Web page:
When nutrition choices turn into a “bad” day

“I was bad today and I ate a slice of bread (or potato, or ________)”.  These are comments I hear quite often from new clients.  These comments are the result of  1. Associating food regimens with self worth  2. Chronic yo-yo dieting  3. A sense of shame from eating a food not on the “okay” list of a self or even “professional” advised diet.

A restrictive diet can yield damaging results in terms of body image, enjoyment of food, create nutrition inadequacies,  and take a toll on physical health.  Research indicates that weight cycling (losing weight and regaining it and over again) is damaging to overall health. As a RDN (Registered Dietitian Nutritionist), I have seen incredible psychological impacts of restrictive diets. Some impacts are social isolation, day being ruined from a particular food choice, a feeling that the body has betrayed the person.

So, how do you have a well rounded, happy diet that gets results?

  1. Examine what result you are looking for, at what cost, and why-Ask yourself if you have realistic view about your body shape and what “healthy” really looks  and feels like.  The images we are inundated with are often of undernourished individuals not within a healthy weight range and/or may be photoshopped to manipulate physical attributes.  Become educated about what a healthy body really looks like and avoid comparison.  Comparison to others is counterproductive to health and wellness and discounts the beautiful uniqueness of you.   Also, to get to a desired certain body weight or shape, does that mean constant under-eating and an obsessive pre-occupation with food? If so, the cost is too high for the weight loss benefit.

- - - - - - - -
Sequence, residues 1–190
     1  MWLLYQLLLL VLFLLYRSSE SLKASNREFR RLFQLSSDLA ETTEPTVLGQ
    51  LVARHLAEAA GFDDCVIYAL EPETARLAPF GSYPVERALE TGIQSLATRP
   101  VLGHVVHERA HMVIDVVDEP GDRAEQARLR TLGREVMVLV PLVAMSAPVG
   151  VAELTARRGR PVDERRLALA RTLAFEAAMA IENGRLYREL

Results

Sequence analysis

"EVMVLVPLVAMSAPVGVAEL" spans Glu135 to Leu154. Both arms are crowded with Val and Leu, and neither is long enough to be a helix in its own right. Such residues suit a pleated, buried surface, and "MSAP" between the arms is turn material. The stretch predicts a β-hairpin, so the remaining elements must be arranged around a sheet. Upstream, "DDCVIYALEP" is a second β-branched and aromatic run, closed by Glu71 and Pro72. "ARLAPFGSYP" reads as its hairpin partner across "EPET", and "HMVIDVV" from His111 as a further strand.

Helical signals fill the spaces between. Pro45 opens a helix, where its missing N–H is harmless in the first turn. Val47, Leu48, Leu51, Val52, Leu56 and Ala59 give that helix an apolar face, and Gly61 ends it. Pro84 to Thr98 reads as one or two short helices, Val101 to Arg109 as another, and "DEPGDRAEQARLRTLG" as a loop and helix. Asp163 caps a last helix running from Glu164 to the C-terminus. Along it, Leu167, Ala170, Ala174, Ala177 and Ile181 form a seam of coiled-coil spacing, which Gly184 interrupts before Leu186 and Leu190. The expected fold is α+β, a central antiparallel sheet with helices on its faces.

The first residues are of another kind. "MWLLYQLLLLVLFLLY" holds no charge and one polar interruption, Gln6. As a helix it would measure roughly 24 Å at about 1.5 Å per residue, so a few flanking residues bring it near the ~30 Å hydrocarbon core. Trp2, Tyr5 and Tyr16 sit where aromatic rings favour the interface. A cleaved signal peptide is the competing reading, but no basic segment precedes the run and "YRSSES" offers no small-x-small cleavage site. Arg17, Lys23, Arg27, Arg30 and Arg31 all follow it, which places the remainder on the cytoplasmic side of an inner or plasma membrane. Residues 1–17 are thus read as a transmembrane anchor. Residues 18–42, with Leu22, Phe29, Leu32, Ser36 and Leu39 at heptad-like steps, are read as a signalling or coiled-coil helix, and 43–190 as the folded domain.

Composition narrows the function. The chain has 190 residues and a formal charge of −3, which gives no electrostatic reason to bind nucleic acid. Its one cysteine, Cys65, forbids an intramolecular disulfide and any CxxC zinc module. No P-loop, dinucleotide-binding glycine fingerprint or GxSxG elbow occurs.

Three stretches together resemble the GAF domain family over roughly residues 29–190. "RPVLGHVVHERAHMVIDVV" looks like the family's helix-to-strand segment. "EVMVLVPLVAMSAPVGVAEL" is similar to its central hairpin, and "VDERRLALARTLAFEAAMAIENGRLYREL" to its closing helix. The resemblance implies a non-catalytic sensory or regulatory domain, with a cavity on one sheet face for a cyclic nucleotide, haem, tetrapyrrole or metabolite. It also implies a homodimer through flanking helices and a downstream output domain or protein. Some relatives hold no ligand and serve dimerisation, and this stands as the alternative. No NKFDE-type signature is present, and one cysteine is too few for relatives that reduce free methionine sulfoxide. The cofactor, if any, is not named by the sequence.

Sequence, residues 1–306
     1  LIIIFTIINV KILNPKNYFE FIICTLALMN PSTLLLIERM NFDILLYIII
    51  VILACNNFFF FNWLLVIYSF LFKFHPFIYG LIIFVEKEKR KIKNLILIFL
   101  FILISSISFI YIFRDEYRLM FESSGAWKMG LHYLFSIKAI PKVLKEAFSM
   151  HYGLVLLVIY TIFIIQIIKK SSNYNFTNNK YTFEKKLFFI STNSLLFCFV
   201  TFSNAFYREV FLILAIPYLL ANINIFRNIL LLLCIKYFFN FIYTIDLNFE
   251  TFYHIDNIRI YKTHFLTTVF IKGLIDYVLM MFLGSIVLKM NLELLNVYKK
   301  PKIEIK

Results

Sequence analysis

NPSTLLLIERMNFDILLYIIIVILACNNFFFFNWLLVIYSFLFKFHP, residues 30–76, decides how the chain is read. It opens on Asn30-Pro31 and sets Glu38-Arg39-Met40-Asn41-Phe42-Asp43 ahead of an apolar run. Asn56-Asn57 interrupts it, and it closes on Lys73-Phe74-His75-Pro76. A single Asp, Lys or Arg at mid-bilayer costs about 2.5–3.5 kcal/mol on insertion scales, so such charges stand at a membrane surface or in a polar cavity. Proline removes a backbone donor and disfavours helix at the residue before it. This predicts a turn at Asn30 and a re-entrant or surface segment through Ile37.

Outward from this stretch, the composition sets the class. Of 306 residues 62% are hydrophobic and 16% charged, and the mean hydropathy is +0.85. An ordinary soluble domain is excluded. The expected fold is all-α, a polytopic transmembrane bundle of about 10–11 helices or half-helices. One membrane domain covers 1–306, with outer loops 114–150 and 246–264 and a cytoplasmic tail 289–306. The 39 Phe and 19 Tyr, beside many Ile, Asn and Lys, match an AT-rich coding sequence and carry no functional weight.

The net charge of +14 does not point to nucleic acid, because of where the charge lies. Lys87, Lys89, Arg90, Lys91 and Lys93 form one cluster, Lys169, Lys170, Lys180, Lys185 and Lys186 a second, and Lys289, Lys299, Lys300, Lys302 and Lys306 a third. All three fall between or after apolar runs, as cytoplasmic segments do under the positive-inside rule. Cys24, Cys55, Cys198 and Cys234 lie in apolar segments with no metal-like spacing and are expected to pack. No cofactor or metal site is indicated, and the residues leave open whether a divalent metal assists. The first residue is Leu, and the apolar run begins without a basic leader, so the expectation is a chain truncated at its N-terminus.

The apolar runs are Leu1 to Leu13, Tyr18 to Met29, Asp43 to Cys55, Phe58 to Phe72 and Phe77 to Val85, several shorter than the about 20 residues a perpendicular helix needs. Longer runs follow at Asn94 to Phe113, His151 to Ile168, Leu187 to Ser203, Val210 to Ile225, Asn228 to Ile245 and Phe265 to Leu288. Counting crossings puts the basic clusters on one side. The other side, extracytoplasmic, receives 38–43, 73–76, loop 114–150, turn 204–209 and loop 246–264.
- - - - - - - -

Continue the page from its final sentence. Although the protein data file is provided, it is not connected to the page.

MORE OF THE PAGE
2. Challenge your beliefs about certain foods- Is a slice of bread really a “bad” choice that will trick your body into putting on umpteen pounds?  Ummm, no.  For example, 100% Whole wheat bread can add much needed fiber to the diet and a plethora of B vitamins, iron, zinc, vitamin E and magnesium.  Most slices of bread are a measly 80 calories. So,  a slice isn’t going to topple your nutrition for the day.  Another point, studies show if most of your grain is whole grain then there is a lower risk of weight gain.
  3. Avoid diets that eliminate certain food groups or many foods-If a diet demonizes a whole food group or has a list of never foods (especially if those never foods are once enjoyed foods), it is setting you up for failure.  Another clue the diet is bad, it claims some foods are “toxic”.  Remember, toxic=poisonous.  So if people eat this food without catastrophe, it is not toxic!  A healthful diet includes building healthy behavior patterns with food.   A diet that rejects a large number of food/food groups isn’t part of any healthy equation.
  4. Realize part of result is a happy relationship with food-If you feel deprived, hangry, overly tired, emotionally exhausted with your diet then it isn’t worth it and it isn’t health.  A long lasting and healthful diet will leave room for enjoying that occasional brownie or chips and salsa without fear and guilt.
  5. Consult with a Registered Dietitian Nutritionist- Wellbody Nutrition & Fitness LLC  of Scottsdale, AZ is here to support you on your journey to weight loss. http://www.wellbodynutritionandfitness.com

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